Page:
One of the foundational assumptions behind this blog is that people are whole, integrated persons. Thus, the way we see all of life and interact with all people should be framed by a sense of the wholeness, the integrity, of all of life.
This holds true even in the lives of those with whom we disagree strongly. Christopher Hitchens, the outspoken atheist and author of God is Not Great, is no exception. In a recent interview on NPR, he reflected on a painful, seemingly life shaping moment from his past.
Prompted by the recent release of his newest book, a memoir of his life, he was asked about his parents. His response went as follows:
” My father was, as you say, a lifelong Navy man, so I had this rather morose Tory in my background who was hit off brilliantly, by contrast, by my mother, who I always called Yvonne. And I call her Yvonne in my chapter, because it’s a stylish name and because she was a stylish girl.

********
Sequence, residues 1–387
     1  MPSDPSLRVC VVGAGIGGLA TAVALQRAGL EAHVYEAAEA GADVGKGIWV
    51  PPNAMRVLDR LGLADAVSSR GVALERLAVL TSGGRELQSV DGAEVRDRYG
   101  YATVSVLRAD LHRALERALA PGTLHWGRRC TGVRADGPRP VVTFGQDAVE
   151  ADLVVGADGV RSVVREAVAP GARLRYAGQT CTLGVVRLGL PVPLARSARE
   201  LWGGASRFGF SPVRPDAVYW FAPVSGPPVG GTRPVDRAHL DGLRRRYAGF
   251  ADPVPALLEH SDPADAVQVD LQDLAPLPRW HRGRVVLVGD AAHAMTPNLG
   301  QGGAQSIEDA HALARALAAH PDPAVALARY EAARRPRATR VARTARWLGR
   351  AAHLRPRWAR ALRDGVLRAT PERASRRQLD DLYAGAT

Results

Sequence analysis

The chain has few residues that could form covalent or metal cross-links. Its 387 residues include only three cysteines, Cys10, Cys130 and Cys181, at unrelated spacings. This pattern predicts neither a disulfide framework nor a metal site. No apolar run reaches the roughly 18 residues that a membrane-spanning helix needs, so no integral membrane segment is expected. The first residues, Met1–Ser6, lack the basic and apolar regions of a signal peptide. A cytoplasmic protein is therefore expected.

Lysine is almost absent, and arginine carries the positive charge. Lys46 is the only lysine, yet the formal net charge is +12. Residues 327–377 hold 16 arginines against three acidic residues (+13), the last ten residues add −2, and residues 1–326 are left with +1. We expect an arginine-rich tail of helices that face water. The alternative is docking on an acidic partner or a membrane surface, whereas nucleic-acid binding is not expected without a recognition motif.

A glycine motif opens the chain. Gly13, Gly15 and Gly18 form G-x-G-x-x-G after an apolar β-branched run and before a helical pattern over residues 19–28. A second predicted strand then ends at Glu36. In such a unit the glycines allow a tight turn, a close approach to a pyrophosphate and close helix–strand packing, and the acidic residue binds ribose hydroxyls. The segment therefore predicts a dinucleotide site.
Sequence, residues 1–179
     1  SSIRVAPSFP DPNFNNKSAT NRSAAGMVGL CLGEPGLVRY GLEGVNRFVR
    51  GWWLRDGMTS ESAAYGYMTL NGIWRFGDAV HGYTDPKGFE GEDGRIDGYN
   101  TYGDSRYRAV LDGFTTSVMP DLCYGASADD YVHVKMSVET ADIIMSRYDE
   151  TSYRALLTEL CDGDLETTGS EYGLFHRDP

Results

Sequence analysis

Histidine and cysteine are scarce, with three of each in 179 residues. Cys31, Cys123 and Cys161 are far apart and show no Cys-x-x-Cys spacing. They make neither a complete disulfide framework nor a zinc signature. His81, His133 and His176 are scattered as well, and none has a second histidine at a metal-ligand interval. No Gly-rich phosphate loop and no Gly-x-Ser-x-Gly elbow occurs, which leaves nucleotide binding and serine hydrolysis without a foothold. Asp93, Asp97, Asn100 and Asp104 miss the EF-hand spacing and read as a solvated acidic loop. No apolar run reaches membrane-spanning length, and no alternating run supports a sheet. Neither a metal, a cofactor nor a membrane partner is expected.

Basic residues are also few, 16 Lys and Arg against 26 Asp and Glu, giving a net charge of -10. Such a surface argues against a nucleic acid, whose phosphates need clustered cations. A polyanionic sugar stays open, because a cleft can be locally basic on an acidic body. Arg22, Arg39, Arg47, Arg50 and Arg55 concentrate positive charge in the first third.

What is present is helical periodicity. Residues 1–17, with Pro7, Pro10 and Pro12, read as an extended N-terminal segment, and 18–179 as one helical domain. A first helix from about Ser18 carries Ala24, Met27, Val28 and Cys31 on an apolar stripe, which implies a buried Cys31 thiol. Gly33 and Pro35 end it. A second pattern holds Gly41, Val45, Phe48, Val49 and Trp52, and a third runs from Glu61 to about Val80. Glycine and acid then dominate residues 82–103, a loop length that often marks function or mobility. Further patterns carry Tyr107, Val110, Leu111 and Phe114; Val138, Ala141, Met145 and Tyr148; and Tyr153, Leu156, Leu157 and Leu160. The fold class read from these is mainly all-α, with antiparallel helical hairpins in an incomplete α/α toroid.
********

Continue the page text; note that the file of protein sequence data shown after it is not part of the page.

And her story’s a tragic one and it ended tragically, in that having waited I think rather too long, because divorce and separation were extremely frowned upon in that set in those days. She did take up with another man after my brother and I had grown up, and it didn’t quite work out. In fact, it didn’t work out at all. And they made a decision to put an end to their lives and committed suicide together in Athens.
I think I had a chance to save her and failed to grasp it. She tried to call me from Athens and failed. Though I might have just missed the call by a few minutes, I don’t know. But I’ve always been certain that if she’d heard my voice, she wouldn’t have done it. So I’ve been trying to write my way out of that ever since.”
You can read the full interview here:
Most of the responses to Hitchens that I have seen have all been entirely cognitive and philosophical. Perhaps we need to consider that some (most?) of Hitchens’ atheism stems from other aspects of his integrated being.